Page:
Organize Your Documents

You want to ensure your documents are ready and in order, to avoid scrambling last minute to find them for the inspection. You can benefit from carrying a binder, as it helps keep things organized and easily accessible. For peace of mind, keep things in order. Your CDL, registration, vehicle insurance, Record of Duty Status, annual inspection records, Medical Examiner’s Certificate, permits, and any other paperwork (especially if you transport hazardous materials), should be nearby and easy to find. Organization will save you any additional stress during an inspection, so you can step back and not worry about the process too much. All load paperwork should also be included and present, including Bill of Lading. Some other relevant paperwork you may need to consider and have at hand can be: 

  • SPE (skill performance evaluation) certificate
  • Medical card of waiver if applicable 
  • Any exemption paperwork (such as seatbelt exemption) if applicable 
Know the Most Common Violations In Order To Avoid Them 

In order to stay ready for your next inspection, one important factor to consider is to be aware of common violations that result in either a citation or out of service order. While it is dependent on each truck and driver, drivers do have access to yearly reports published in the media, outlining some common errors that have been made. Some of the most common offenses that have been flagged in roadside inspections, and errors to be avoided are:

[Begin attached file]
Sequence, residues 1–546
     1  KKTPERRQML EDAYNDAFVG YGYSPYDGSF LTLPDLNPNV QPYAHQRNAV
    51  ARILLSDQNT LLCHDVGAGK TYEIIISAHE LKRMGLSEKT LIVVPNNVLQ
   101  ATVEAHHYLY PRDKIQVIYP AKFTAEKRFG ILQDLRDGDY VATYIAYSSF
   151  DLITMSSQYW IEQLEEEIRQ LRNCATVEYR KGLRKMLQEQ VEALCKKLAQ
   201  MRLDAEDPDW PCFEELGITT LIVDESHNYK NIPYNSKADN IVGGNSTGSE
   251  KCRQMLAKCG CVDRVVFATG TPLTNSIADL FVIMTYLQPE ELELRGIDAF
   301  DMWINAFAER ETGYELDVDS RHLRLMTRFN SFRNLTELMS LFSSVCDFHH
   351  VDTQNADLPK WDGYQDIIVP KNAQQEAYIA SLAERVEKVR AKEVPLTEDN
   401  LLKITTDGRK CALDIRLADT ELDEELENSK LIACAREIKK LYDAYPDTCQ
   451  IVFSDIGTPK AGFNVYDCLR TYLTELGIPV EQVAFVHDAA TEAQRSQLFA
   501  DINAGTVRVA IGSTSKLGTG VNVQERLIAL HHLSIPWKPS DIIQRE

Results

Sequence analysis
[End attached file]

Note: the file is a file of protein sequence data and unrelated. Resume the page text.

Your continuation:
• Tire issues (underinflated, too worn etc.)
  • Loads not secured properly 
  • Brakes that are out of adjustment or having issues
  • Damaged lights
  • Windshield obstruction or damage 
  • Oil leaks 

We know inspections can be frustrating, as most truckers have exceptional safety records and skill, however, it is an inevitable reality in this industry. Keeping in mind what the inspection entails, and keeping up with your regular maintenance and pre-trip or post-trip inspections can make all the difference.  Don’t let your truck get out of service by ensuring you're properly prepared before leaving the road. Remember, do not stress yourself. You’re expected to pass your roadside inspection and get back on the road. Safe trucking!